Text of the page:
Seconding what Annika has said, it is extremely unusual to find a Swiss train with no seats available.
I travel both first and second class, using a half-fare card for discounts. I tend to use first class for the longer trips. Second class is perfectly comfortable and acceptable. First class is less full, and the seats may recline just a little bit , for example
I've been visiting Switzerland since 1980, and have made over 80 trips there.
In first class, which I tend to use for longer trips, I cannot recall a time when I could not get a seat.
In second class,maybe once frorm Bern to Burgdorf during the evening rush hour did I choose to stand instead of walking through the train to find a seat. That train would likely have been full or near full most of the way to Zürich; commuters were going home after work. Although I used second class for that very short ride, I passed through first class cars and there were empty seats.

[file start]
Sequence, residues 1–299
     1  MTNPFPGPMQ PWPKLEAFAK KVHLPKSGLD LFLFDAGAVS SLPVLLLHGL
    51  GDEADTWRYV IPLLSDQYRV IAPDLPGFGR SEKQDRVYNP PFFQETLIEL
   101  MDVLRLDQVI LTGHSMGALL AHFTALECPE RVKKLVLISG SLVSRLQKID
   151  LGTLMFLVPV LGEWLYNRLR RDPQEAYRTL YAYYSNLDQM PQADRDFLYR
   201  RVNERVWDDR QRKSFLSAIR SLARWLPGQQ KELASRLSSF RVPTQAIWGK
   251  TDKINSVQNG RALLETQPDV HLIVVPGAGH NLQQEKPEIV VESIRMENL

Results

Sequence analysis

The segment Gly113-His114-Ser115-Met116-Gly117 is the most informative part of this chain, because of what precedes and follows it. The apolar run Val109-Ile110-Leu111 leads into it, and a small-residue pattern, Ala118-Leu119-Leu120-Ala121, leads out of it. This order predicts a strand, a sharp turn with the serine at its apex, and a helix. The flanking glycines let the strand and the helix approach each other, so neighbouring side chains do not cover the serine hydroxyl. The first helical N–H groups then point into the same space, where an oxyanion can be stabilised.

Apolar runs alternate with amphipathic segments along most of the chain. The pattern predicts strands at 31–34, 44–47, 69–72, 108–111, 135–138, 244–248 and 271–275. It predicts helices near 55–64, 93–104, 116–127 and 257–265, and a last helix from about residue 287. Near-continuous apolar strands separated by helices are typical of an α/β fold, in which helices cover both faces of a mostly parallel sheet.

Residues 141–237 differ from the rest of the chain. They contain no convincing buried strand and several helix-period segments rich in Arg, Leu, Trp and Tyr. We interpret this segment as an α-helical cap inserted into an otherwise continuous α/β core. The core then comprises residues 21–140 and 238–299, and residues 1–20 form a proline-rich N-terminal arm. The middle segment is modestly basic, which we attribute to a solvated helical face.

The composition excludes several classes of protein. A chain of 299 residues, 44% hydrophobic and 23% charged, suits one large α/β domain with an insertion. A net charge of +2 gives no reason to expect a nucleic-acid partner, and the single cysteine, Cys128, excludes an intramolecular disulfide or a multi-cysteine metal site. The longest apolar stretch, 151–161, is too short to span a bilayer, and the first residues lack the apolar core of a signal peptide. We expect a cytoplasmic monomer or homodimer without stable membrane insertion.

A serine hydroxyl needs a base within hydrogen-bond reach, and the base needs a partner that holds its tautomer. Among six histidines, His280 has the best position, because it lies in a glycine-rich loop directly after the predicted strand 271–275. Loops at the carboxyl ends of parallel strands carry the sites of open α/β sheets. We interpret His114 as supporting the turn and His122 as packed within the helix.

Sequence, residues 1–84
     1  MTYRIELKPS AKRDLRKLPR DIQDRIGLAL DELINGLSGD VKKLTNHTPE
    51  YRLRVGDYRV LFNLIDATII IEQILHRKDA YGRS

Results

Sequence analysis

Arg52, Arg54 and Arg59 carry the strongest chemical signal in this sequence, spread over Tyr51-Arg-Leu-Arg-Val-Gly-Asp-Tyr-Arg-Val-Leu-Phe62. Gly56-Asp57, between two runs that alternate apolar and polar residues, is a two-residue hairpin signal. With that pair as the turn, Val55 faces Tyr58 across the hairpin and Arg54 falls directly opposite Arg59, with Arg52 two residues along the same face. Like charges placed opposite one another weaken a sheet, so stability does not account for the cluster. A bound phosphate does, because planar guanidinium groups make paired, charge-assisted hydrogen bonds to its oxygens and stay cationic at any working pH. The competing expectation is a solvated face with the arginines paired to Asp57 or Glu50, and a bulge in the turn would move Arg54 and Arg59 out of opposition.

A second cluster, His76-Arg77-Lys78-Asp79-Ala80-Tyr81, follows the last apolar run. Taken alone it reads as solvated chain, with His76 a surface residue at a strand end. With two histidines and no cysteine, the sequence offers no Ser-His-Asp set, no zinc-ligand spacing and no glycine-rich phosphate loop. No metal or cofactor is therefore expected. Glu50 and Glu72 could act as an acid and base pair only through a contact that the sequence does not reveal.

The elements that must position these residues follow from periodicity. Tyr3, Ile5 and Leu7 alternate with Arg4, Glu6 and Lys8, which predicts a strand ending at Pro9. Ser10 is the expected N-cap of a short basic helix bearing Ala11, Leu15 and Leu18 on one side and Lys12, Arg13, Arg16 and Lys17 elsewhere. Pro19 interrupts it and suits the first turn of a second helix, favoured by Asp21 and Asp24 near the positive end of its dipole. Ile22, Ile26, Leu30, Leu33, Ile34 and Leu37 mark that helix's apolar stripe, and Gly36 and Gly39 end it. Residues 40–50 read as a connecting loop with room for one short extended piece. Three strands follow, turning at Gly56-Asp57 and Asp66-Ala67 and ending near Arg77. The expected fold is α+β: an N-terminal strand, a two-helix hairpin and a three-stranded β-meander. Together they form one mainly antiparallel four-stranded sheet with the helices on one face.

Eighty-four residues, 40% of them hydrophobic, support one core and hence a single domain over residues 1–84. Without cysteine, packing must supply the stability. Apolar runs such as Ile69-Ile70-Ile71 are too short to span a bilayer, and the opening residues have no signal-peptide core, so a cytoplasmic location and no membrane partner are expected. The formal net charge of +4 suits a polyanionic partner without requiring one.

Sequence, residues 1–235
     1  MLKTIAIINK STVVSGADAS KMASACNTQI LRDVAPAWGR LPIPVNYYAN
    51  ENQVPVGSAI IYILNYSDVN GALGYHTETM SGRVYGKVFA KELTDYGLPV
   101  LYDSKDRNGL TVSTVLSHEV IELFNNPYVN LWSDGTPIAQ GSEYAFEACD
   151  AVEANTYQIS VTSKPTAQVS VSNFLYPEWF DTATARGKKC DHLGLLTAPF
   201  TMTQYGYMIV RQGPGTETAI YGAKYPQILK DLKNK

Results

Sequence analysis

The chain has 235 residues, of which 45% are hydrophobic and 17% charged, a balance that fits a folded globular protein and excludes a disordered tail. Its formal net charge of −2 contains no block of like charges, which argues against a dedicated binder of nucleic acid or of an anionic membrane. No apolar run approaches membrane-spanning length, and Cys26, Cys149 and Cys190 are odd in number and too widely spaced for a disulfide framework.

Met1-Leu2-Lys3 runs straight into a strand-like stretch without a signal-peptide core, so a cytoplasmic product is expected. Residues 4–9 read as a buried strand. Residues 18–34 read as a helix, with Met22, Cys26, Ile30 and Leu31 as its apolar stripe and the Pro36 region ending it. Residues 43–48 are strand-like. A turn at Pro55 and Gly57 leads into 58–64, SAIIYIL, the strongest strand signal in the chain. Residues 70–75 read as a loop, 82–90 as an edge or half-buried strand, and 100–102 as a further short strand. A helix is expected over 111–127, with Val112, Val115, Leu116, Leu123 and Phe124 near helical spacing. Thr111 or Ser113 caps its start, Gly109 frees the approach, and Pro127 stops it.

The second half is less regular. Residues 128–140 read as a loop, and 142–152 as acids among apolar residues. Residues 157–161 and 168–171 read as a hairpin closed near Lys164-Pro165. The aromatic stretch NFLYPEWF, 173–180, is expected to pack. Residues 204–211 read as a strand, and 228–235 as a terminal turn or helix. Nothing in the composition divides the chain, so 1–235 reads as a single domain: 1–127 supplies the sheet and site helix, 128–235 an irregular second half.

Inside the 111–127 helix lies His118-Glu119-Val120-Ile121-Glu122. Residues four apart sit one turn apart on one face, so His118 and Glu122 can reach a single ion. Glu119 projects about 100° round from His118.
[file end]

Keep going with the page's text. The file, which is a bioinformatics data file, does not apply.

The cars nearest the restaurant cars on the mainline trains tend to be fuller. Also, if you are going to a station which the regular riders know to be a terminal station (tracks dead end at the railhead) , such as Zürich for main line trains, the cars that are nearest the locomotive, which are often first class depending on the train consist ( car/class makeup) will fill up first. Knowledgeable Swiss travelers my try to sit in those cars.
At stations which are not terminals, such as Bern, the cars at each end are further from the central pedestrian walkway.
These are not absolute rules. The newer IC trains are made of train sets with a particular configuration, and two of them may be coupled together to make up a longer train. Thus, first and second class are distributed throughout the train in those cases.
On boats, the first class sections have better seating areas, but the second class are fine. First class might have the highest outdoor deck, for example.